Emerging Energo-Geographies and Political Mobilizations in the framework of the Green Transition: An Anthropological Approach

Principal researcher: Ruy Llera Blanes

Research group: Environment, Sustainability and Ethnography


Environment | Social Movements | Extractivism | Energy Transition

Funding Institution

Fundação para a Ciência e a Tecnologia


Instituições de colaboração: Instituto Superior de Ciências de Educação da Huila e Kaleidoscópio – Research in Public Policy and Culture



Start date


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In the framework of the current global debates regarding climate change, sustainability and energetic transition, the shi from a carbon-based to a green energy industry seems inevitable. While calls and resolutions towards ending fossil fuels slowly and irregularly make their way into the global diplomacy (e.g., COP26), the shi towards the electrification and digitalization of industrial, communication and transport sectors is creating an increasing global dependency on the extraction and processing of new resources. This is the case, for instance, of lithium (oen dubbed the ‘oil of the future’) and graphite, essential components for the manufacture of batteries for cell phones, computers and electric cars, for instance. At the same time, ‘clean technologies’ such as green hydrogen, liquefied natural gas or renewables are presented as safe paths towards decarbonization and reduction of GHGs However, the study of the social, political and environmental consequences of the transition is still incipient.
Such transformations, while they are generally positive steps towards energy sustainability and climate change adaptation, are generating new industrial sites, new complex economic relations and political mobilizations with socio-environmental consequences that need to be charted and studied from a social scientific perspective. We are talking specifically about environmental impacts of the new energy industry, its material and infrastructural articulations, conflicts over land property and use, political (public-private) articulations, labor and commercial opportunities, etc. In this framework, a new, energy-related geography is unfolding, complexifying the traditional cartographies of power based on North-South, postcolonial distinctions. This illustrates the increasing political centrality of such industries, both in terms of transnational diplomacies – the role of Nord Stream pipelines in the current Russia-Ukraine conflict being a case in point – and of creating new conflict zones due to the social and environmental impacts of the industry in local populations, as well as the unequal distribution and access to energy. It also explains the growing attention on behalf of climate change activism – from environmental justice movements to Fridays for Future and Extinction Rebellion – regarding the environmental consequences of the emerging energy economy.
This project is therefore an invitation to deepen the study of socio-political consequences of the new global sites of the energy industry, by focusing on current cases of installation and development of energy industries in the framework of the Green Transition. We ask the following questions: What are the local environmental impacts of the ‘green energy’ economy? What kind of spatio-territorial redistributions are emerging as a result of the energetic transition? What are the infrastructural and material unfoldings of such industries? What are the consequences at the local level in terms of land rights and use? What kind of economic and livelihood developments are these processes entailing at the ground level? What kind of political mobilizations are emerging in response, for instance in terms of energy and environmental justice?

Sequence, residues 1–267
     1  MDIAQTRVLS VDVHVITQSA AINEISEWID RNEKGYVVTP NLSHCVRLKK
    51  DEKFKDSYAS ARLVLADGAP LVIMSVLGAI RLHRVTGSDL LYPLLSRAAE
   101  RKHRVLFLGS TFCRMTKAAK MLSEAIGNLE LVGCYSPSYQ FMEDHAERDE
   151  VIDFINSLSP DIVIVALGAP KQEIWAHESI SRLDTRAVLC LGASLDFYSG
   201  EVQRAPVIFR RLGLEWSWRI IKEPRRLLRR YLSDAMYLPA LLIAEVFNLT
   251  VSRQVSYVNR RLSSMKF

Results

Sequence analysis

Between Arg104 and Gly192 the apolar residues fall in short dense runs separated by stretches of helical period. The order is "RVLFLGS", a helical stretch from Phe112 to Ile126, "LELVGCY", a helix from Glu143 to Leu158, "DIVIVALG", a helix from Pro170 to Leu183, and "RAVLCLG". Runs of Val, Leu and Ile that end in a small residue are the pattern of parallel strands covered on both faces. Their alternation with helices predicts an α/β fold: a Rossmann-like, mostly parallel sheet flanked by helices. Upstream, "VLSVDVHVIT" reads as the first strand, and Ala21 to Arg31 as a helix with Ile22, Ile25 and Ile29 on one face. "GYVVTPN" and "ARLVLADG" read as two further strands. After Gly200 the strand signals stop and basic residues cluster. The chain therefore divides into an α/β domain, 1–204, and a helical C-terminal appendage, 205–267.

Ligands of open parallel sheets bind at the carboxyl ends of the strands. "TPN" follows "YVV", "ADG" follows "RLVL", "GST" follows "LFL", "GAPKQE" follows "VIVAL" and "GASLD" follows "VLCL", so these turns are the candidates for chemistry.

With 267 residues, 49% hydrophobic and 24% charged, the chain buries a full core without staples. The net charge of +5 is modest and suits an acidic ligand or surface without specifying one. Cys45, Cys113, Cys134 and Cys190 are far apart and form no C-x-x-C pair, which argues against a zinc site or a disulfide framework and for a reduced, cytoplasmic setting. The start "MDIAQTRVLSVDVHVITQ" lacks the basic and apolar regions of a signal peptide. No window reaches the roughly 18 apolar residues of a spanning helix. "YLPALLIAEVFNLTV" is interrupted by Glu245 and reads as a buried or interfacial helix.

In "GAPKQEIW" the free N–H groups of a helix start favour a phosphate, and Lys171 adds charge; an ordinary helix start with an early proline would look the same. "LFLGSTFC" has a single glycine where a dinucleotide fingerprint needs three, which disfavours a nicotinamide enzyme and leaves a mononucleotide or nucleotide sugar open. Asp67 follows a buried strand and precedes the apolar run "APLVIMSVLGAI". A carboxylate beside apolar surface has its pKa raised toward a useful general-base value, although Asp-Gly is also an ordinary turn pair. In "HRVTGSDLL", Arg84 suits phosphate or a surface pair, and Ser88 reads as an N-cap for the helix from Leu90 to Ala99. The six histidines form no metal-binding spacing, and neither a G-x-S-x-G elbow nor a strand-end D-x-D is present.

In response, we propose the concept of ‘Energo-Geographies’ as a framework for tackling the complexity of territorial, material, economic and political articulations of the global energy industries. We believe this will imply a significant contribution in the anthropological and sociological studies of energy, through an innovative socio-spatial analysis of energy systems as infrastructures. We congregate a team of anthropologists with accumulated expertise on research in socio-environmental issues in Southern Europe and Africa, and propose to research empirical case studies in Portugal, Spain, Italy, Mauritania, Angola and Mozambique, where we will develop in-depth accounts of different energetic resources – from graphite, lithium and green hydrogen to solar and other renewables. We also have significant experience in long-term ethnographic research methods, which we believe are the best equipped to approach the infrastructural complexity and local consequences of the emerging green energy industry.
Our goal is to provide a systematic, in-depth description and analysis of the new geographies and infrastructures of the energy transition, beyond the more traditional sites; to advance scientific knowledge in the anthropology and social sciences of environment, infrastructures and energy, with the conceptual contribution of "energo-geography"; and to provide insights for the formulation of public policies that allow for a fairer and more just transition in the framework of the Agenda 2030 and global commitments towards a sustainable future.


Full members

Antonio Maria Pusceddu

Governance, Policies and Livelihoods

Full members

Antónia Pedroso de Lima

Governance, Policies and Livelihoods

Euclides Gonçalves (Kaleidoscópio – Research in Public Policy and Culture)

PhD students Full members

Felipe Campos-Mardones

Environment, Sustainability and Ethnography

Full members

Francisco Freire

Circulation and Place-Making

Helder Pedro Alicerces Bahu (Instituto Superior de Ciências de Educação da Huila)

Full members

Luís Silva

Environment, Sustainability and Ethnography

Full members

Paulo Mendes

Environment, Sustainability and Ethnography